The Utah School Readiness Board has approved more than $12 million in grant applications for the upcoming 2021-22 school year.
The money will support a mix of private, public, charter, and Head Start schools across the state.
Utah’s Student Readiness initiative aims to expand access to quality preschool education for children ages three to five. It focuses on economically disadvantaged children and English language learners.
On May 26, the School Readiness Board of Directors considered two separate grant programs. The Becoming High-Quality grant awards preschool classrooms $628,000 with a cap of 22,000 per classroom. The money must target early childhood education quality improvements in the school.
The Expanded Student Access Grant will fund nearly 3,000 preschool-aged children in qualified preschool programs. It will cost almost $11 million. A mix of public, private, charter and Head Start schools will now receive various amounts of funding ranging from $2.5 million in the Granite School District to $41,000 for the Smart Kids Program in Taylorsville.
Utah Department of Workforce Services Contract Manager Jolene Hill presented the board with the details of the grant application process. She said it was patterned after the state procurement guidelines so that it is fair and transparent. Applicants had a chance to clarify requirements and the selection committee did a blind review. She said the DWS and Utah State Board of Education put together the selection committee.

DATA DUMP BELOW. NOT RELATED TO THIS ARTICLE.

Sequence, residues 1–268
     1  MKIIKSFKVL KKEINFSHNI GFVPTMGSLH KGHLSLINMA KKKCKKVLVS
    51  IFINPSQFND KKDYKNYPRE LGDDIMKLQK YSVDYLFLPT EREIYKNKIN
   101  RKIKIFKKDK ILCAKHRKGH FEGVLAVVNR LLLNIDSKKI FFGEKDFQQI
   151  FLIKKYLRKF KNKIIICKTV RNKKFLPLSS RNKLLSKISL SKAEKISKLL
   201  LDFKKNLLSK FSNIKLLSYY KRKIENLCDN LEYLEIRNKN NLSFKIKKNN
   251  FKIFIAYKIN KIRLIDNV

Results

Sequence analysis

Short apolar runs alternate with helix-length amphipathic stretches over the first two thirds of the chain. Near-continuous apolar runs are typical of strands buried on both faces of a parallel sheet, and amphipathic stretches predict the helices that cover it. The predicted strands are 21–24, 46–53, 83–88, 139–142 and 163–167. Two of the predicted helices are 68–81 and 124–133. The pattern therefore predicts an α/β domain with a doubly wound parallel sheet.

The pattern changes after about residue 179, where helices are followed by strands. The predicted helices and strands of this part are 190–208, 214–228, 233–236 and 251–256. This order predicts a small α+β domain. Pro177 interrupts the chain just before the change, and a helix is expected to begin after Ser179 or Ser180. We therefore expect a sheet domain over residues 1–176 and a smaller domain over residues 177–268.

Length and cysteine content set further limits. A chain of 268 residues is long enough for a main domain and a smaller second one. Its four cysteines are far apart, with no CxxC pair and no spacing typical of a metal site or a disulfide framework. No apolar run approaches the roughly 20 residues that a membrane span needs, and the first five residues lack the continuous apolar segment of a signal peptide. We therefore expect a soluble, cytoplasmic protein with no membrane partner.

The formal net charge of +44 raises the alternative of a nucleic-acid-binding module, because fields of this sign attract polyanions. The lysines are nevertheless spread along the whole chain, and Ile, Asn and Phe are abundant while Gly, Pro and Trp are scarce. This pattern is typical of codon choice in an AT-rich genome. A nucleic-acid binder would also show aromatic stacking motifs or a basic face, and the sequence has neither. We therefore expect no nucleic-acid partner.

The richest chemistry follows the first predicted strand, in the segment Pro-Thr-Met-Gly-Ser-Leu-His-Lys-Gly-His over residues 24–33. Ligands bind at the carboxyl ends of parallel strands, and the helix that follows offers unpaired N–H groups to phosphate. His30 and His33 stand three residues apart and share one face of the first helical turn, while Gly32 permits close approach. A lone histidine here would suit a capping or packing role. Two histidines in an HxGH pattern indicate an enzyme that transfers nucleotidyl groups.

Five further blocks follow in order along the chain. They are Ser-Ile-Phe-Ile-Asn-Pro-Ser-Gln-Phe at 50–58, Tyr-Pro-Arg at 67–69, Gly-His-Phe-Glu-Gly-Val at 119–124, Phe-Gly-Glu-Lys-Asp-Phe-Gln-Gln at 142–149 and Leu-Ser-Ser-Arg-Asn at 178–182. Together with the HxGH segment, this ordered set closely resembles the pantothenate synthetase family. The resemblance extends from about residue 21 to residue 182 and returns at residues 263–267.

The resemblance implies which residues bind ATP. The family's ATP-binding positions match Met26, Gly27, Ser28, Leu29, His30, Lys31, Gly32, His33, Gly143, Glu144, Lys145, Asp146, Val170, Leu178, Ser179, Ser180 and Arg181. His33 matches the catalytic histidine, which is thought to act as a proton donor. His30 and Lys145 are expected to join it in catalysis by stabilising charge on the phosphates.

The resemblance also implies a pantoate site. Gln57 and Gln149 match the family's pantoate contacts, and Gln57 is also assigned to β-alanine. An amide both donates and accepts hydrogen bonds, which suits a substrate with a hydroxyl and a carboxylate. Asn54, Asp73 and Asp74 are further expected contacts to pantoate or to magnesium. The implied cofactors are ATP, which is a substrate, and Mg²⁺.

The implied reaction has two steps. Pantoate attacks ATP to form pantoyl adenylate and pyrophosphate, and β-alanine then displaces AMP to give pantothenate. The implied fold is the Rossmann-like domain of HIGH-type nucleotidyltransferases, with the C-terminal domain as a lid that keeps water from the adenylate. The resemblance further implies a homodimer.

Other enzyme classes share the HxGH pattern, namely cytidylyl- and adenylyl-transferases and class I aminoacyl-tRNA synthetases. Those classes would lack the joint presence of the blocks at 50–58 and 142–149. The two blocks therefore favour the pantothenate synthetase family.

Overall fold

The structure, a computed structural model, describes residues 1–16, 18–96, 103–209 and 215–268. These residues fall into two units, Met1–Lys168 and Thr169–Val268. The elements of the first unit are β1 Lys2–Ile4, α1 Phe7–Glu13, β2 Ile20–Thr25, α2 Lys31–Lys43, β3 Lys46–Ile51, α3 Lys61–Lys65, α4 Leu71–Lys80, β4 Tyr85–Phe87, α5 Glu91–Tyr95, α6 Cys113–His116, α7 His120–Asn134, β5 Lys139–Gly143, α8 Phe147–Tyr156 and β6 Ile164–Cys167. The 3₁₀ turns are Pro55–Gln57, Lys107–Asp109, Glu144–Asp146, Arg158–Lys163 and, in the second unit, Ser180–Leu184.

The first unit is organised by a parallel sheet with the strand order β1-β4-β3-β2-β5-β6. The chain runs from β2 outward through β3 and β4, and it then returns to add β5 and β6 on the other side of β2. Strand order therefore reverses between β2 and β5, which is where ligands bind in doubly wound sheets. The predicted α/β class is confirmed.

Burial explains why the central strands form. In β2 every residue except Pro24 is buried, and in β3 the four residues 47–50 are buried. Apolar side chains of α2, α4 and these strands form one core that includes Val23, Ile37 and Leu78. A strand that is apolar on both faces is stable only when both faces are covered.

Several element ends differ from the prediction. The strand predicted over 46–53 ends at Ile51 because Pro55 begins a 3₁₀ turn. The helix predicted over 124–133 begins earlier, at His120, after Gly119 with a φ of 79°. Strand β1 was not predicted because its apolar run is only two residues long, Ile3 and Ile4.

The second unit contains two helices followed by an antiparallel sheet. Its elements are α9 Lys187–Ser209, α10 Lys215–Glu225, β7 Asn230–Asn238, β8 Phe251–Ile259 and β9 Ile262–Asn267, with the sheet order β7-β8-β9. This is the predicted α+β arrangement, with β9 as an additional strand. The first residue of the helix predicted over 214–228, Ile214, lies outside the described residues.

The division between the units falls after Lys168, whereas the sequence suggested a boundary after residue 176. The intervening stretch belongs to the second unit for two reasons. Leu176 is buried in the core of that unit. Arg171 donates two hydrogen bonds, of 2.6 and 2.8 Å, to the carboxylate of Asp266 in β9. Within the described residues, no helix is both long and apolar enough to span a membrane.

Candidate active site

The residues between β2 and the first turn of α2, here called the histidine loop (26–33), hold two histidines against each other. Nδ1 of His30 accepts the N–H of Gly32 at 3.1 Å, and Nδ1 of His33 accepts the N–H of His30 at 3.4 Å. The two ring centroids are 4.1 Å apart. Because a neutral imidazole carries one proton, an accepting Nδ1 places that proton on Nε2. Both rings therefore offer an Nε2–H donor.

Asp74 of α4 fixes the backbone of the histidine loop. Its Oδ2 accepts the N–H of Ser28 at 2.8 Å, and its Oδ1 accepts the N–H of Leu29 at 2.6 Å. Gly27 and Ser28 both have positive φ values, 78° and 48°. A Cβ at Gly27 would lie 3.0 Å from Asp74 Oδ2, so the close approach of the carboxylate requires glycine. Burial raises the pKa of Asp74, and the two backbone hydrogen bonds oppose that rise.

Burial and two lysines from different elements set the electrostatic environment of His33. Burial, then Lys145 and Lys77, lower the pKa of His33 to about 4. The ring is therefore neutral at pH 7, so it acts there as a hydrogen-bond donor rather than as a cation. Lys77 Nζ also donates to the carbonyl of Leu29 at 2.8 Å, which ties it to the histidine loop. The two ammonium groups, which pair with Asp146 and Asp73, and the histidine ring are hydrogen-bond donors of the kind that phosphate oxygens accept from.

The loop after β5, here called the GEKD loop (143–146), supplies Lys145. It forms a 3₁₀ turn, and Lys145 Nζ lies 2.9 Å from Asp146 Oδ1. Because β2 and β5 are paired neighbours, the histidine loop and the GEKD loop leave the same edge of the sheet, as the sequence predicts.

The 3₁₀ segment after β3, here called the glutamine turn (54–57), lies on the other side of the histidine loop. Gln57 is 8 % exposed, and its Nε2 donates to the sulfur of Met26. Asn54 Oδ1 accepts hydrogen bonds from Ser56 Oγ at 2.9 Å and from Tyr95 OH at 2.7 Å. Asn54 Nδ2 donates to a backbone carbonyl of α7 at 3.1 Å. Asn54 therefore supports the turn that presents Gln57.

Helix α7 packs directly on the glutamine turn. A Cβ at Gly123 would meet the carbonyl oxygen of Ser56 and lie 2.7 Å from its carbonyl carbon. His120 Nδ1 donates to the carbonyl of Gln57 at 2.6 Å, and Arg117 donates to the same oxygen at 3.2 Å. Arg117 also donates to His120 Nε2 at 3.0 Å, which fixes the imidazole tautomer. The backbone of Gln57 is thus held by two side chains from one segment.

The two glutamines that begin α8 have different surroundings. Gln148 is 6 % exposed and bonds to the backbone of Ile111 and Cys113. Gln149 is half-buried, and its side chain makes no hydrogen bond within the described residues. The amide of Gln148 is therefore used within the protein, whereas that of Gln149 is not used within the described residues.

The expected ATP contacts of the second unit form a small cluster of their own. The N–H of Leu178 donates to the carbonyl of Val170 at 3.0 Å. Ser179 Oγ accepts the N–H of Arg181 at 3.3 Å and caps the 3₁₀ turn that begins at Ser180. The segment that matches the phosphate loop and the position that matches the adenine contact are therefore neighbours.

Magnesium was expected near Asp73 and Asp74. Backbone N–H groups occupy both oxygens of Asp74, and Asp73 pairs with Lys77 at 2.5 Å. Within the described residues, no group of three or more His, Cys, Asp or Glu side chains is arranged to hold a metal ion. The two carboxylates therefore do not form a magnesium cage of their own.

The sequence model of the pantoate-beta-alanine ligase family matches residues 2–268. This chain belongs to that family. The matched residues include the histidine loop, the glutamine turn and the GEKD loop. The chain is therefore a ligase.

Hill told the board that applicants could attend pre-proposal meetings for both grants. They hosted a live Q and A page that also published the information so applicants could gain access to the same information.
“Expanded Student Access actually had a two-phase review process,” she said. “So, the first phase was the quality phase, and they had to meet a minimum threshold of 100.5 points. They were required to submit a portfolio, they submitted classroom recordings and they had a recorded interview. There were 25 applicants, 22 screened through that first step, one didn't meet the quality requirements, and then two others didn't submit complete applications at that point."
The Park City School District applied for $100,000 through the Expanding Student Access Grant to help fund the district preschool. The application was denied. School officials said they do not know the reason for the denial.
The childcare division of the DWS will have to renew funding each school year to continue support for early childhood education for underserved families. They said the funds supporting the two grant programs are a mix of state and federal dollars.
KPCW news reports on issues affecting young children and their parents are brought to you by the Park City Community Foundation’s Early Childhood Fund. For more information, visit earlychildhoodalliance.net.